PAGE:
President Spina sends an email to students addressing plans for the fall semester moving forward, photo courtesy of the University of Dayton.
UD President, Eric Spina, sent an email to the student body Wednesday afternoon explaining how the university is working to safely reopen campus this fall.
To help streamline communication with students and their families, UD has created a new webpage to answer questions and provide any updated information regarding the fall semester.
The UD Path Forward Task Force, which is made up of several working groups, is developing options for the university to reopen in-person learning.
Both the webpage and President Spina’s email assures students that returning to campus this fall is at the university’s highest priority.
“We do anticipate unless something dramatic happens, that we will have a good set of plans that will enable us to open up and students to come back,” Spina said.
Student Government Association (SGA) President Natalie Coppolino and Vice President Anne Philbin interviewed President Spina on May 11 through a video conference to answer student’s questions about the fall semester.
The following is a synopsis of what was shared:
How are international students being cared for while they are stuck on campus?
- According to Spina, around 500 international students are still living on or near campus while it is unsafe to return home. UD along with the Center for International Programs is assisting students with meals as well as helping with transportation needs around Dayton. Many international students rely on on-campus employment to pay for necessities like rent, and according to Spina, many landlords around UD have been helpful for students who are stressed financially.
While students return to collect their belongings, can those who live more than 400 miles away stay in university housing for one night during the long trip?
- Unfortunately, part of the agreement between UD and the county health commissioner was that students returning to collect their belongings would not be permitted to stay on-campus housing. The University’s Marriott Hotel is open for overnight stays. Spina also said that the CARES Emergency Assistance Grant is available for families who worry about paying for an overnight stay. Students can apply for support here.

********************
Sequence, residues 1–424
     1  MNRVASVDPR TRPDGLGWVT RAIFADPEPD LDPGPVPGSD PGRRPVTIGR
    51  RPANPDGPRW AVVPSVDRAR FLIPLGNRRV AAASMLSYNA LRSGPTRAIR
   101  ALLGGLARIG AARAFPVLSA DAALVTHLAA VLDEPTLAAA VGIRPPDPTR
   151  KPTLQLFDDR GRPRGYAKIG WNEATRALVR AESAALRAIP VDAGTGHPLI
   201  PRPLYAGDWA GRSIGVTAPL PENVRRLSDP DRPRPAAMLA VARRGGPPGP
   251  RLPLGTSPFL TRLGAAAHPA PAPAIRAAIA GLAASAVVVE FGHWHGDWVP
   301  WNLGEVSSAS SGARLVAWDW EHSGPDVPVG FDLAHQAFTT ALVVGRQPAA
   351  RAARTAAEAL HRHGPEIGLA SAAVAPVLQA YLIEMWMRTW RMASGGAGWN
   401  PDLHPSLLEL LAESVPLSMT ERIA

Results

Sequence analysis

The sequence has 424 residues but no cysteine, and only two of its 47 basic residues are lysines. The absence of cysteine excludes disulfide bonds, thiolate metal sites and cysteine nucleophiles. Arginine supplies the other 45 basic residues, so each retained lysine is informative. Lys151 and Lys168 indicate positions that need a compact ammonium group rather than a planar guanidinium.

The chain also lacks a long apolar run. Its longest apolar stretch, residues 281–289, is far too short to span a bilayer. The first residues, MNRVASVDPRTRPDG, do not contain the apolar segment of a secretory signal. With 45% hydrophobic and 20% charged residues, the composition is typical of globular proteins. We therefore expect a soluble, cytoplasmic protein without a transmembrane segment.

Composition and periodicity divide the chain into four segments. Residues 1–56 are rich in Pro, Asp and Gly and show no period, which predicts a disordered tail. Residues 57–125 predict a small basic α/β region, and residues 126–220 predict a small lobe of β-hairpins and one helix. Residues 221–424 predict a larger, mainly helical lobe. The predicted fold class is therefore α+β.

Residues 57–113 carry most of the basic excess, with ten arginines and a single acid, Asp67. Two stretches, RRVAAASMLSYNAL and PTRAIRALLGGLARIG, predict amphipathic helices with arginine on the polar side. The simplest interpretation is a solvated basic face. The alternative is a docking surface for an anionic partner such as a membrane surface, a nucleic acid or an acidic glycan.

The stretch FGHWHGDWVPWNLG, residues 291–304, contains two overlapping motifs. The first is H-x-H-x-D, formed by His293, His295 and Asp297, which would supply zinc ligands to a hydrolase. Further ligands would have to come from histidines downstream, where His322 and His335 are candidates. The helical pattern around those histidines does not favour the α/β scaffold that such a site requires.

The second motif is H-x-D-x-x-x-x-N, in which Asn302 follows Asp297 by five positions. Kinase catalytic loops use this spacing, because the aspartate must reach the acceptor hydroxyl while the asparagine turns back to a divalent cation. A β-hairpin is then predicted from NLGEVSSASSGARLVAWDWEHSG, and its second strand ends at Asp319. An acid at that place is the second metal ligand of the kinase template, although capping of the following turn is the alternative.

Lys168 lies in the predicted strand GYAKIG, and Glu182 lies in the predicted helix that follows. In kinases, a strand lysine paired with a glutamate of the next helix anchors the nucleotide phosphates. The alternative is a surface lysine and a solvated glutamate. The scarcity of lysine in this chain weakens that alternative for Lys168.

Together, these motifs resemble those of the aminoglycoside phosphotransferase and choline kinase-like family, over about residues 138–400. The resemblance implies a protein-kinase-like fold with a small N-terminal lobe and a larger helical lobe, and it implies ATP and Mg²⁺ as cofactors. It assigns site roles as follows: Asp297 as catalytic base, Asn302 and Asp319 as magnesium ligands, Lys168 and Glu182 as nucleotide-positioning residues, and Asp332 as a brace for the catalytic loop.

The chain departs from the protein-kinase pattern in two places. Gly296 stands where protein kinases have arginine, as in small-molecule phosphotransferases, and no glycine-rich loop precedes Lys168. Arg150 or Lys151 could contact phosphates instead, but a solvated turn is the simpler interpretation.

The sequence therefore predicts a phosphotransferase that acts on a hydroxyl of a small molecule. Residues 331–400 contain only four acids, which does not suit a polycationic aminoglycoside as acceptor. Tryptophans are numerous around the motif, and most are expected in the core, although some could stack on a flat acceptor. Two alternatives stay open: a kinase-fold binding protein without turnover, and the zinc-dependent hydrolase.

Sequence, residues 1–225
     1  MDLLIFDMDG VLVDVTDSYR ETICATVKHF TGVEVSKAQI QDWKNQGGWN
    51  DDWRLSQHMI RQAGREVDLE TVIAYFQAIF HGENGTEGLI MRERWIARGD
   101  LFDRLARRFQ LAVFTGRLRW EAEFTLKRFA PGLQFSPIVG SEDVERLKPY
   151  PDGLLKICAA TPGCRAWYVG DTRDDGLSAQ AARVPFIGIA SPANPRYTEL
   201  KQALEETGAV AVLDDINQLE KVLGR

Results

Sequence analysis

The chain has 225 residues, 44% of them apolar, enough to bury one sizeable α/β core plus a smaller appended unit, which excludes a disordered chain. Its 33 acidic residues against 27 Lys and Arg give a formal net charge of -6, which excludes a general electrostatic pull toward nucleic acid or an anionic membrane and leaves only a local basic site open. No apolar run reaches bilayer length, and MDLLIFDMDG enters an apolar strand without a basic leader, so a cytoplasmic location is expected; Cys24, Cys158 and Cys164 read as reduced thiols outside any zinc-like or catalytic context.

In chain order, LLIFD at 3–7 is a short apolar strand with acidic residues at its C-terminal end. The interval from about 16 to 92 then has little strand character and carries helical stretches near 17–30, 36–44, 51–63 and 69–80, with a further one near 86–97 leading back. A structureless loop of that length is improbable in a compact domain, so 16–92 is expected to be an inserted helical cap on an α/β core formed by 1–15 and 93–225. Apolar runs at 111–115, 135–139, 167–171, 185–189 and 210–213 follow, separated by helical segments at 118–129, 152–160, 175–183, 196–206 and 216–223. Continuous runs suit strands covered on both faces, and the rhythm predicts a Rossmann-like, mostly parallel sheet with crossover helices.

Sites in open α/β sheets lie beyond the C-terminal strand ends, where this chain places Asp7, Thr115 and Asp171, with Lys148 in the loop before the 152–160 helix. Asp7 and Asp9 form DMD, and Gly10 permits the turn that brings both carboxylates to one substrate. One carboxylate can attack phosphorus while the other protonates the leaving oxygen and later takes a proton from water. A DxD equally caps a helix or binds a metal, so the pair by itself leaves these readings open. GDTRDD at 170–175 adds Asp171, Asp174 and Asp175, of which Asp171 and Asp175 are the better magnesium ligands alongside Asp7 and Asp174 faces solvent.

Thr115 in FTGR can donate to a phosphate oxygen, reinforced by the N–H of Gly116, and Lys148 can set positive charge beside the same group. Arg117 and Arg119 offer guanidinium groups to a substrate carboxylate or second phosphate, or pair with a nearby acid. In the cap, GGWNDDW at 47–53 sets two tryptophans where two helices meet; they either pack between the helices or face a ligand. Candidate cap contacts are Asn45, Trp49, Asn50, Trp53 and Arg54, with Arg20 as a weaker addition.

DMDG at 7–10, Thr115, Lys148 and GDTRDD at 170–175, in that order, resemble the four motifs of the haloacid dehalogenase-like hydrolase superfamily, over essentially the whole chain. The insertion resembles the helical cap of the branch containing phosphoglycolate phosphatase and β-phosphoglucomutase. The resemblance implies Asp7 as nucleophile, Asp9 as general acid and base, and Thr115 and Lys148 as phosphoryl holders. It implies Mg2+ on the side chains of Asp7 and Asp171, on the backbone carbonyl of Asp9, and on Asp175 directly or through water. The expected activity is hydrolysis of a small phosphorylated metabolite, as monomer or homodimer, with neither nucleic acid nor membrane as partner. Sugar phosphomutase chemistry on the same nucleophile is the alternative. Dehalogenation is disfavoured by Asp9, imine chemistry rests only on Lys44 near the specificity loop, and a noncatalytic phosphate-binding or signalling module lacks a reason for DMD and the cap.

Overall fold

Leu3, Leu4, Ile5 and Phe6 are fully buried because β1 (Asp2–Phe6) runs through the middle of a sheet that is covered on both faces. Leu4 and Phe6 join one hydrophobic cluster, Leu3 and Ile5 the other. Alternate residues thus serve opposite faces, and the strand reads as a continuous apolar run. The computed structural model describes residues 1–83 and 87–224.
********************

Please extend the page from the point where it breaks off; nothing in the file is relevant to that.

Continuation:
What would campus life, including residence halls and the student neighborhood, look like this fall?
- In short, nothing is for certain yet. Spina anticipates that a proposed set of guidelines for what the fall could look like will be released to the public by early June. More than likely, some online learning will be used in addition to in-person lessons. Spina said some changes that could be made include changing the class schedule to “thin out” classroom sizes and decrease the number of students walking in the hallways or through campus at the same time.
Will the RecPlex be opened for students in the fall?
- Currently, Gov. Mike DeWine has not released plans to reopen gyms or other recreational centers in Ohio. More than likely, whatever the state decides gyms have to do, the RecPlex will follow as well.
Will clubs and activities be allowed to continue in the fall?
- Spina said that he recognizes and values what clubs and extracurricular activities offer for students. Like anything else on campus, there will be guidelines set for how clubs could continue to meet and interact. More than likely, technology such as video conferences will still be used in addition to any in-person meetings.
What about students who are required to get an internship to graduate?
- UD is making sure they are flexible about requirements that some students are not able to meet now, such as those required to have an internship to graduate. Students who are struggling to find internships should be in contact with their advisors so that UD can help place students somewhere. If it is not possible for a student to get an internship, Spina said it would be “inappropriate” to continue to hold that as a core graduation requirement.
Coppolino and Philbin also asked Spina about what consequences for students who break social distancing on campus could look like. Spina said that he hopes the university would not need to set a policy for students who break guidelines set up in the fall.
From the administration’s perspective, the number one guideline in their decision making is watching out for the safety of students, faculty and staff.
“The key thing we’re going to have to do is make a mutual commitment to each other to do what we need to do to be safe,” Spina said.